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Engineering services in Philadelphia, serving PA, NJ, DE and NY, with over 70 years of experience in machine design,tooling and fixtures, structural analysis, fea, prototype, fabrication, product development, engineering staffing.
What is “FLEXO” film? It is not the hottest super hero but the latest innovative technology that will lead the packaging printing industry into the 21st century. This industry has remained status quo on existing technology that mandates a “wet” process for removing negative material from a polymer based, flexographic printing plate. The methods were ready for modernization. The industrial giant DuPont of Wilmington, Del., was already supplying the majority of the printing market with the raw materials for this procedure when the company seized the opportunity to revolutionize the process. Its mission was to design and build a new “FLEXO” film machine that does not use the conventional chemical solvent or aqueous washout for removing the relief layer. The new dry process reduces plate-making time from up to three hours to less than an hour. A combination of proprietary flexo plate formulation and newly developed thermal mass-transfer techniques have led to a breakthrough piece of equipment that has sparked a keen interest from packaging producers. The nature of this redesign was to include a new form for the new function. The goal was to create a unit that would be acceptable in an office environment as well as in the traditional manufacturing setting. A significant effort was focused on the aesthetics, ergonomics and safety of the final design.
Brought to fruition
The Cyrel Packaging Graphics Business, a division of DuPont, sought assistance in bringing this project to fruition. Without the resources to tackle such a daunting task, it turned to DuPont’s Beech Street Engineering Center (BEC) to make this vision a reality. A BEC project manager, lead mechanical designer and lead electrical engineer were handed the reins for the entire project. The lead mechanical designer knew that BEC did not have the resources available to assign him to this project; therefore, he formed a team of subcontractors to assist him in completing this 18 month project in eight months. ENSER Corp., an engineering company in Cinnaminson, N. J., was assigned the tasks of engineering, designing and detailing under the direction of the lead mechanical designer. ENSER formed an internal team that included six machine designers, an industrial designer and two detailers. A pioneering Philadelphia thermoforming company created all of the molded plastic parts and a highly respected New Jersey machine shop, under the direction of a BEC lead mechanical technologist, manufactured all of the machined parts for the prototype.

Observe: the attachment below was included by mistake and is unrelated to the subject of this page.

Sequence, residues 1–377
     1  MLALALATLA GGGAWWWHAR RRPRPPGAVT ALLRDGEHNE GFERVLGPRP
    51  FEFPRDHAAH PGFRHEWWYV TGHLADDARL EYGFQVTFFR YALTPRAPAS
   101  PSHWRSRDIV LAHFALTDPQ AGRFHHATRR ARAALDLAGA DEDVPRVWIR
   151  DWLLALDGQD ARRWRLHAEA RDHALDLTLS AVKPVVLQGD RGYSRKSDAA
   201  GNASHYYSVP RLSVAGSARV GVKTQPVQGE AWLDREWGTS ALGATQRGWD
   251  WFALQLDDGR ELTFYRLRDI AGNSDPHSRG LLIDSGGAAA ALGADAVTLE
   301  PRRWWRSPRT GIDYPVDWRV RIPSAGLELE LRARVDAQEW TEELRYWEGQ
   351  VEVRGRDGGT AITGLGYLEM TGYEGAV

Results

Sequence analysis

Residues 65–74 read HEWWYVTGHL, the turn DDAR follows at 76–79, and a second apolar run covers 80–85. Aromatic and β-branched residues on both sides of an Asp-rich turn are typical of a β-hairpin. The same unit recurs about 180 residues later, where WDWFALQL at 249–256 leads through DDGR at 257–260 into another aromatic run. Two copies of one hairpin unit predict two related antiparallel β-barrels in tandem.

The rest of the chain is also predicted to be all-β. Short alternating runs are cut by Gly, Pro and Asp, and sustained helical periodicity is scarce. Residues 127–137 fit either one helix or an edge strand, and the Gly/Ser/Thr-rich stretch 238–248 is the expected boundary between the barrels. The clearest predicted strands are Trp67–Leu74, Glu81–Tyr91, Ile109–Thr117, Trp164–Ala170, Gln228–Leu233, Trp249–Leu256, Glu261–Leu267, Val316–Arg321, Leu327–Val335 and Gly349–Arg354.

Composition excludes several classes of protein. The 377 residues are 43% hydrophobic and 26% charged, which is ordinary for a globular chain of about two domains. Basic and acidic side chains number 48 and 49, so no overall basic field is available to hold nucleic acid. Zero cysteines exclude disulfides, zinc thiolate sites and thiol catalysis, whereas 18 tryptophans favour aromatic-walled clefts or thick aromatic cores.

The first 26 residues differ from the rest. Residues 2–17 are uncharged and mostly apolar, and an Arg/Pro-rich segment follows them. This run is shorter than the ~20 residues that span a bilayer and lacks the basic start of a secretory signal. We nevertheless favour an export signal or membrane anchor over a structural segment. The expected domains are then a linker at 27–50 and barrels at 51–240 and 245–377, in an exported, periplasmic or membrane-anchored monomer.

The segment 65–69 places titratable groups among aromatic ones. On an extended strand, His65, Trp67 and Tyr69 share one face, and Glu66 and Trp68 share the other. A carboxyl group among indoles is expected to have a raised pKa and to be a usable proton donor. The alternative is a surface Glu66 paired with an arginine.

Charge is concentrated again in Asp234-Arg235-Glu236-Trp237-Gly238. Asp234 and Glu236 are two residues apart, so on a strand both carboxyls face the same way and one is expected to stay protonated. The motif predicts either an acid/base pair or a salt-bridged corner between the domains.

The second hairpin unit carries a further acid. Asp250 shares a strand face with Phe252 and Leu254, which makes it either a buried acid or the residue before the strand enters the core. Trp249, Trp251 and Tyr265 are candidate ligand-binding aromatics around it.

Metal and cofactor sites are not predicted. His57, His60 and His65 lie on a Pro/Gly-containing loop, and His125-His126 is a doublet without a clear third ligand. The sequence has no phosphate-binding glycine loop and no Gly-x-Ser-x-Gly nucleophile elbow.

One of the most difficult tasks facing the BEC lead mechanical designer was coordinating the efforts of everyone involved. He emphasized, “A close team effort and coordination process was critical for the on-time completion of the project. We had no room for error, thus we had to be one step ahead at all times.”
By aggressively driving the project, as can be seen in Figure 1, a working prototype was completed in less than eight months—less than half the time originally estimated by most industry insiders for implementing an alpha machine. ENSER’s project manager, Mike Wahner, managed ENSER’s designers and distributed the prototype parts to be manufactured on the tight time schedule.
“The aggressive scheduling made it critical for the detailed drawings that were sent to the machine shop to be accurate,” maintained Wahner. “Any little mistake would become very significant to the vital delivery schedule.”